Perfidy stood up. “Right – Nodar, you need to go down Pinter's Wharf. Baltar, round behind the Slaughteryards. Jarrow, you stay close to home – keep to the docksides. Roalf, I need you down the fruit market – and if you can't get money, bring home some apples or something else. Bring 'em home anyway. Leo, you take Cutter's lane. And you see any good sticks, any of you, bring them home. We'd need wood. It's getting colder.”
Leo waited till the others had left, then pulled the chunk of bread from out of his tunic. “Perfidy.”
She turned and he threw it to her. She barely caught it – which shocked him. She rarely missed a beat. She stared at it.
She stared at him, and began to walk towards him. “Leo, you'll eat this bread unless you want the hiding of your life. We don't waste food. And we don't take more than our share.”
He backed away. “I had two bowls of scumgullion last night, Perfidy, and a full bowl of porridge this morning. I waited till the others were gone, because I won't argue with you in front of them. But you've got to eat that bread. Give me a hiding if it makes you feel better. But if something happens to you... you've got to eat that bread.”
He pushed past her. “Please. Eat the bread.”
She called after him, but he did not look back. Perfidy would eat the bread now. She would not let it go to waist and he had made a good argument once she had time think about it. She had to keep herself healthy, so she could keep the rest of them healthy.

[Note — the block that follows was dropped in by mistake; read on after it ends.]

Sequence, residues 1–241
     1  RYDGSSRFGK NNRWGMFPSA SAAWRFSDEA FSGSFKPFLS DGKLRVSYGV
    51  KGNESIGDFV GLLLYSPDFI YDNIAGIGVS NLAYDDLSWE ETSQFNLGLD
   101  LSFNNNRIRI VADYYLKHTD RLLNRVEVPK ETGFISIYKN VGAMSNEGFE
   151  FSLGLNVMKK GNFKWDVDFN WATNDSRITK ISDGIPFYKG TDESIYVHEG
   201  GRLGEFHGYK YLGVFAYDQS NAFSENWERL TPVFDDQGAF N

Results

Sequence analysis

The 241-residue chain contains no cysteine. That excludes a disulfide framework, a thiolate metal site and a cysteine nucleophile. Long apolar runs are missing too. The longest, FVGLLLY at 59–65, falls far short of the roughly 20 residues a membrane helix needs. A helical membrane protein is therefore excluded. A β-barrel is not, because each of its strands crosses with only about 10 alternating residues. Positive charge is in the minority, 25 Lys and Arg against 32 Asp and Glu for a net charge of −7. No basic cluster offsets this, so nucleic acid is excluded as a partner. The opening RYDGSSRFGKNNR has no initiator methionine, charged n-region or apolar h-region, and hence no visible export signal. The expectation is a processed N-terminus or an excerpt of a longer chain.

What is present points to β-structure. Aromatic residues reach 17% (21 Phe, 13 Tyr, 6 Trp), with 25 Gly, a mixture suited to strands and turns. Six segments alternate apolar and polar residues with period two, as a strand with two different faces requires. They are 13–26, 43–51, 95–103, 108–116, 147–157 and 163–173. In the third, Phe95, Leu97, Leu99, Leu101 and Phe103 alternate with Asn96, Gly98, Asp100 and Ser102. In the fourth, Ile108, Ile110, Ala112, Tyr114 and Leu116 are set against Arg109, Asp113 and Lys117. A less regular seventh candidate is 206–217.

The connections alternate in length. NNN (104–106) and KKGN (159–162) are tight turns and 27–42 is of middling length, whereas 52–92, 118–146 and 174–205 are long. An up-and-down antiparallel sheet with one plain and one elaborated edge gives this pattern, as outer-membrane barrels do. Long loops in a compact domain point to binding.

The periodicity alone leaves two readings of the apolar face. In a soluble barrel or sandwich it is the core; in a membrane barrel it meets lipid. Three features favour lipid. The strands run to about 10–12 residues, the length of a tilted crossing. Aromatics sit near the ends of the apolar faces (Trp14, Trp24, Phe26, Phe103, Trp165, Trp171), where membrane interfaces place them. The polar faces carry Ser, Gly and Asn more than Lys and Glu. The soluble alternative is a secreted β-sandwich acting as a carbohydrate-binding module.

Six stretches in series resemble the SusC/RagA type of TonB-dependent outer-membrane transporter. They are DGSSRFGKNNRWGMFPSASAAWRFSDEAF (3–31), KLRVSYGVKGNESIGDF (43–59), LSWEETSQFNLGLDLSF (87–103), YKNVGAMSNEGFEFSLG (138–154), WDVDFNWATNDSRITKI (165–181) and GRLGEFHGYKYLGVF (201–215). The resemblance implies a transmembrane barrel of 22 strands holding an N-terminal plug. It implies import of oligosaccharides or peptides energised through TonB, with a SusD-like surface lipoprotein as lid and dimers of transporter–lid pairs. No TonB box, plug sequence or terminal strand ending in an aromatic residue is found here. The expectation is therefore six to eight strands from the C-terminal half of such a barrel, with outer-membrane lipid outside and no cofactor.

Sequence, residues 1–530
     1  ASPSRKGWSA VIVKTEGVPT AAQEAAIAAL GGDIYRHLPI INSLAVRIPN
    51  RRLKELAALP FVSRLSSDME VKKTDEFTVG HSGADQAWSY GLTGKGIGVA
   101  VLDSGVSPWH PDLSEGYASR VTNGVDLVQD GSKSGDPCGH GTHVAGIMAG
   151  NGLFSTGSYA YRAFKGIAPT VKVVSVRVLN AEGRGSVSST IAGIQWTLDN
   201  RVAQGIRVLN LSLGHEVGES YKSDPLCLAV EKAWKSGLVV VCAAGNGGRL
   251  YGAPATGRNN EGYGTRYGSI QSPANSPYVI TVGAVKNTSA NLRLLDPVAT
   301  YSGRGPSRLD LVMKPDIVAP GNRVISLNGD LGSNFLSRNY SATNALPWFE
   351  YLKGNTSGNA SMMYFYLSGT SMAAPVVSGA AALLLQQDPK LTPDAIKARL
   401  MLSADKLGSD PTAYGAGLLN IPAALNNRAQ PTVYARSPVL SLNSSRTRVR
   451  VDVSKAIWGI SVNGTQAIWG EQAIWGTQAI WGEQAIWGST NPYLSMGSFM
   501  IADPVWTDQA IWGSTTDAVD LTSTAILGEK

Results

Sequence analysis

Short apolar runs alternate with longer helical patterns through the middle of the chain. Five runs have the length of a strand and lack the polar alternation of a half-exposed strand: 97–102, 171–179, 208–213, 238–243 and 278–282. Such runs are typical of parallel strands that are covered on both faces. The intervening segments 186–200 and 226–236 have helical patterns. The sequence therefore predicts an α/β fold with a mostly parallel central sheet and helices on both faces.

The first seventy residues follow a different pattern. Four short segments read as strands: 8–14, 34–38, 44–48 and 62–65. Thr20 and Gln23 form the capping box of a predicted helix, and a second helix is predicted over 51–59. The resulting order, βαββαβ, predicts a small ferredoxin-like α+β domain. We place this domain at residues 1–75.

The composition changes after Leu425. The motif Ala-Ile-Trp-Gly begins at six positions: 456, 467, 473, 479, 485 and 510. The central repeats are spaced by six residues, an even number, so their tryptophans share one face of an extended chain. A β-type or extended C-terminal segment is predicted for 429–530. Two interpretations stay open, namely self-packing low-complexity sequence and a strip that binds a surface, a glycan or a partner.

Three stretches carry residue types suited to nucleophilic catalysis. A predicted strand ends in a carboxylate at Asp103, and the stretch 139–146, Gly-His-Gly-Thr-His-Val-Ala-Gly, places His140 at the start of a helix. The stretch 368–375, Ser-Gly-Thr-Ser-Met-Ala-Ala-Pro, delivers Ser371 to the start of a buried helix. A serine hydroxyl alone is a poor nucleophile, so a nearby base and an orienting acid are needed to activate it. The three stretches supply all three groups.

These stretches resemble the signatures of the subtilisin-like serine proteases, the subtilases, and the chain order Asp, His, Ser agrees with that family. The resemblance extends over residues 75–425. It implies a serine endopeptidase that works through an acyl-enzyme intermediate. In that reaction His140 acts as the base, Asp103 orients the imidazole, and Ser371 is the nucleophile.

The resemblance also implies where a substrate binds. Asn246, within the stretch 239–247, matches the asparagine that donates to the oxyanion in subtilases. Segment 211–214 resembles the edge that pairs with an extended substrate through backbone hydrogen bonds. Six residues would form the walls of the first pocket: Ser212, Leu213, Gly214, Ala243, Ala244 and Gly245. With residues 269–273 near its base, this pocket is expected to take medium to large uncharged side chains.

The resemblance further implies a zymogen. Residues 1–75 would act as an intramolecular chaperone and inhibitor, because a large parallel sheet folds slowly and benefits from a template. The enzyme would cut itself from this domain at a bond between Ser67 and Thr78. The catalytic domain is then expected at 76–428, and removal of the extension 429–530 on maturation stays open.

It was a cool day. Autumn seem to have arrived over the previous week. He was not looking forward to the winter. Last winter he had managed to buy – he'd actually gone up northern sides to the good markets – a pair of stout woolen hose and a tunic with long sleeves, but by the end of winter he'd grown enough that he could barely get them on and he knew that Perfidy had them packed away for Jarrow, because he'd grown even more since then. Could he still pass for under seven? That was a thought he'd been pondering for a few weeks now. He'd asked Perfidy her opinion and she'd looked him over really closely and said that she thought he could, especially with his clothes off and as long as he didn't talk, but he had his doubts. A while ago – about the start of last Autumn so it must have been a year ago now – he'd actually been arrested and dragged up to Oldfort, the city prison and thrown into the cells. He'd managed to convince the Gaoler he was only six or convince him enough that he'd let him go at least, but it had been a near run thing. It wasn't the only time he'd ever been caught, but on the other occasions the person who'd caught him had taken what he'd stolen and given him a hiding. Everybody knew a thief could hang and most people seemed to understand that the thieving urchins of Ongus were just doing what they had to do. Once you were old enough to get honest work, you were expected to do that, but until then, if you didn't have parents, you didn't have much choice. He was lucky enough to have Perfidy. He knew he must have had a mother ad Perfidy said he must have had a father too, but he could not remember either of them. Not at all.